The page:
The main idea here is to build communication lines between employees of the same level. Doing so will foster some healthy working relationships, allow employees to collaborate on problem solving, and grow a feeling of connection with and within your company. This is sure to have a positive effect on the bottom line, and bring about clearer and more concise communications between your employees, both on the same level and throughout the organization.

Managerial Tactics for Downstream Communications

26 Oct

In my last post I started to discuss the different channels of communication in a company. I would like to again stress the importance of these channels. They are the backbone of business, facilitating the dissemination of information amongst employees in all companies. I would like to dig a little deeper into these communication channels and take a look at how contemporary business practices have differed from the status quo. And to examine how the evolution of managerial tactics has increased communication effectiveness and efficiency.

To start the discussion, I wanted to examine the ways companies have historically disseminated information from the executive and management level to the subordinate level. Historically companies have had a one way approach (this is how we see it, this is how you will deal with it, and that’s just how it is). This approach was efficient at the time, but lead to the development of union (groups of employees that gathered together to have a collective voice) because the employees at the subordinate level were being, well, subordinated.

Employees at this level need to know that they have an opinion, know their niche in the company, and have something to offer up the communications pipeline. I understand that CEO’s have a lot to do, and they can’t sit around answering every email requesting pointless solutions to superfluous problems. But employees can be informed that they have the right in your firm to offer an opinion, suggest a solution to a problem, and be part of the company at all levels.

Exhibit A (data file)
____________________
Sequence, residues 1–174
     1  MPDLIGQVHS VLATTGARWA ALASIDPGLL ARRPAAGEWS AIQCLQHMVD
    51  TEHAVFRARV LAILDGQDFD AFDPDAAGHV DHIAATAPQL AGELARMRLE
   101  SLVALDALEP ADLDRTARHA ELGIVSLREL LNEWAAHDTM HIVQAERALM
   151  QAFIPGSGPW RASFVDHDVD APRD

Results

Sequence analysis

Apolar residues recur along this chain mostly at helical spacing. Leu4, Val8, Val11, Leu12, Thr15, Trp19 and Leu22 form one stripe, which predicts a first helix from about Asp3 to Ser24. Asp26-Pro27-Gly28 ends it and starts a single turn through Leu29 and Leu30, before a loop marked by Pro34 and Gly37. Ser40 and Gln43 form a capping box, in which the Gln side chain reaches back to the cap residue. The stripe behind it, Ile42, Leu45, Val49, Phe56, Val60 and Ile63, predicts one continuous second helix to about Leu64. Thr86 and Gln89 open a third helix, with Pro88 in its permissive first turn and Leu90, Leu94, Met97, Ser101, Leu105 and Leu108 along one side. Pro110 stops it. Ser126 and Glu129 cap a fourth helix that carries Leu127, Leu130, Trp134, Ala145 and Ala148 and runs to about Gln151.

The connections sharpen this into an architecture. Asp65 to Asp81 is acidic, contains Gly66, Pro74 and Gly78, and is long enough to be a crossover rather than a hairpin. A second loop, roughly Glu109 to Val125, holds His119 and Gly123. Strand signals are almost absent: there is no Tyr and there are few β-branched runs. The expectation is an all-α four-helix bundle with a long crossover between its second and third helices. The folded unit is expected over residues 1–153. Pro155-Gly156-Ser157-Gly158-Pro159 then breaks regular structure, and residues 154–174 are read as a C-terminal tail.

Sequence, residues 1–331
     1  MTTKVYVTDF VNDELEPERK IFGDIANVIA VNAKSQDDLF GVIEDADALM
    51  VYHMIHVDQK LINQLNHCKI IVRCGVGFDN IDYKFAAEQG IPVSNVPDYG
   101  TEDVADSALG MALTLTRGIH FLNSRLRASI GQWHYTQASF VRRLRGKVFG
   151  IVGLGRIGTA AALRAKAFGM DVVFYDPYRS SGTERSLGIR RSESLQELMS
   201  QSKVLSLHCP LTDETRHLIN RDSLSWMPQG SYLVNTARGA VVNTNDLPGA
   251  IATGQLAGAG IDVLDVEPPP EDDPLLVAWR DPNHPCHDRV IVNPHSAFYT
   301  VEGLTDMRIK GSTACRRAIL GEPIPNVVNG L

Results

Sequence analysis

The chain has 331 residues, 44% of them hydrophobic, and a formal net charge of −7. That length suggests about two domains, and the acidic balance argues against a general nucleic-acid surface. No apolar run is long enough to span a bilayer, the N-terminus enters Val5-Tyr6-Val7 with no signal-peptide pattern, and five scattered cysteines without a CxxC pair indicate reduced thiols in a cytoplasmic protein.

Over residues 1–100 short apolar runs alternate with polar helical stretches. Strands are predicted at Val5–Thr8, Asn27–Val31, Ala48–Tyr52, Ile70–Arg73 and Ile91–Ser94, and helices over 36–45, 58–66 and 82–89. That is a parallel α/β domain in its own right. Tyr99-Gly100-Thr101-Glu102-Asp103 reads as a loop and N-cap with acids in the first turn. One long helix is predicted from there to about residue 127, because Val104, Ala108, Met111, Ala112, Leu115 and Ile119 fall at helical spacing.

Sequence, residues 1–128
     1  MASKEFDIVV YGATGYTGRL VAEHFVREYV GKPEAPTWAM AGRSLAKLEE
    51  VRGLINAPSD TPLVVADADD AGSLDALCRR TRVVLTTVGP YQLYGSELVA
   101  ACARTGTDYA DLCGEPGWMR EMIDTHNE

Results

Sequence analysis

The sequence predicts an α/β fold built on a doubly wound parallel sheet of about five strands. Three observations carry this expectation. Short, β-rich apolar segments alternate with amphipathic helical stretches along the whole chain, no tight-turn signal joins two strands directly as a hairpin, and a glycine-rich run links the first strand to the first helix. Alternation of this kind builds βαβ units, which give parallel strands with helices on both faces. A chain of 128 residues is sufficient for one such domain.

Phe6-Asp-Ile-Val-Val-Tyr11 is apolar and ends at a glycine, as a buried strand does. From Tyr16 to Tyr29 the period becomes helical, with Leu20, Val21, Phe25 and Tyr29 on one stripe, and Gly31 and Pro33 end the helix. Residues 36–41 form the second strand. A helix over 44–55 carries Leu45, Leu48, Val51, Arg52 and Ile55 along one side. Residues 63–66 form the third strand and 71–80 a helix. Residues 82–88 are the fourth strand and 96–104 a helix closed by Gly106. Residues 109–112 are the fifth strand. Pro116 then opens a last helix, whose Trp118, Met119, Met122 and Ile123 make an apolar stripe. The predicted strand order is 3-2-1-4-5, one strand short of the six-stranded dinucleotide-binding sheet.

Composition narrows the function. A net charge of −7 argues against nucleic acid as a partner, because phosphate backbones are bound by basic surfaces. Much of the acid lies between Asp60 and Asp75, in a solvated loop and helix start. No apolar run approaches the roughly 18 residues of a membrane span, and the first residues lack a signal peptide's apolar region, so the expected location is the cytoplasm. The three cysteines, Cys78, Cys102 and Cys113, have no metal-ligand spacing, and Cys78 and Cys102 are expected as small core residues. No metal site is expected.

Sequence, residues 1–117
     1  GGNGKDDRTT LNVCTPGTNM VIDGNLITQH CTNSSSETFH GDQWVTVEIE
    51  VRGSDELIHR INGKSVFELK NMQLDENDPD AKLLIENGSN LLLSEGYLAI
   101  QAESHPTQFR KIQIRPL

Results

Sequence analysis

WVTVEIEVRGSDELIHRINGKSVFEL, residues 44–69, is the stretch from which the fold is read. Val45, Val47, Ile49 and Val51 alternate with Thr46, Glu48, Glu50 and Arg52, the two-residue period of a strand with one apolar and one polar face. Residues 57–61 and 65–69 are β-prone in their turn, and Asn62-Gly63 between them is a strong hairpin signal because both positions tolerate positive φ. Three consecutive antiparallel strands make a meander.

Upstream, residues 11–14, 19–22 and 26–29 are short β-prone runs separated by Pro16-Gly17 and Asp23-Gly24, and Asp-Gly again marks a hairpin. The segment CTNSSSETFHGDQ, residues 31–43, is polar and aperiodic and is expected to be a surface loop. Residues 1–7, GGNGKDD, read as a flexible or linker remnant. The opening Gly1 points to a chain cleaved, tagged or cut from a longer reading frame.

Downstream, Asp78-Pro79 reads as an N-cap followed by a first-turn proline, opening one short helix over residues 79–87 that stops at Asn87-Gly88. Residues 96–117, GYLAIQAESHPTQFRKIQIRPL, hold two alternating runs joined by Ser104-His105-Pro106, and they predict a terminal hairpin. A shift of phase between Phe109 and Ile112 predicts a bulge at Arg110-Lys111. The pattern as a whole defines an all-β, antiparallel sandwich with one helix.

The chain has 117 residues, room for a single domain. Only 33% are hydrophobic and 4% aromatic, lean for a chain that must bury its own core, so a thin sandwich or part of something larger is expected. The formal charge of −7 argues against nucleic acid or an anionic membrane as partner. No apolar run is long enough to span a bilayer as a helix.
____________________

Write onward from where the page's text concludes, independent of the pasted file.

Allowing upstream communication, which many firms do now, empowers employees and leads to them feeling like they have a stake in operations at all levels, even the top. Now, I understand that as an executive you don’t have time to answer all questions, suggestions, and etcetera. The key to making this work for executives (perk being increased employee productivity) and the employee (perk being intrinsic motivation) is to, as upper management, send these messages back out to the respective departments that handle the issues addressed in them.

This will open the employees’ suggestions up to peer review and scrutinizing. By doing this, upper management doesn’t have to deal with each message they receive, and employees can get their voice heard by the department that handles their issue or suggestion, with the added validity of having someone in upper management forwarding their communications. This process is solid, give it a try, I know it works.

Disseminating Company News and Information

21 Oct

The spread of company news and information amongst its employees is a vital part of any firm. The benefits of each individual in a company knowing what is going on in the company currently and what is coming up in the future is a vital part of any industry.

Keeping employees up to date on what’s going on in the company doesn’t always present itself as the primary objective of managers and executives, so information spread throughout the company can find many channels for dissemination. The fact of the matter is that these channels are the inner communication network in a company and are vital to its operations.

A few of these channels are downstream communication (from executive/management to lower employees), lateral communication (amongst employees in the same department, of the same pay grade), interdepartmental lateral communication (amongst employees in different departments but of the same pay grade), and the ever-present grapevine.

Each of these different communication pathways presents its own challenges and benefits when it comes to spreading information throughout the company; thus each deserves attention. The analysis of each of these communication pathways and evolution of these pathways through changing business environments deserves analysis and study in attempt to understand the impact that the current business climate in this country has on each.

 In the postings to come I plan to dive into each of these communication pathways and examine the way they have been impacted by the current state of business in the economy. And to examine ways in which contemporary managerial tactics, as opposed to customary managerial tactics, can help move information throughout a company with accuracy, clarity, and ease.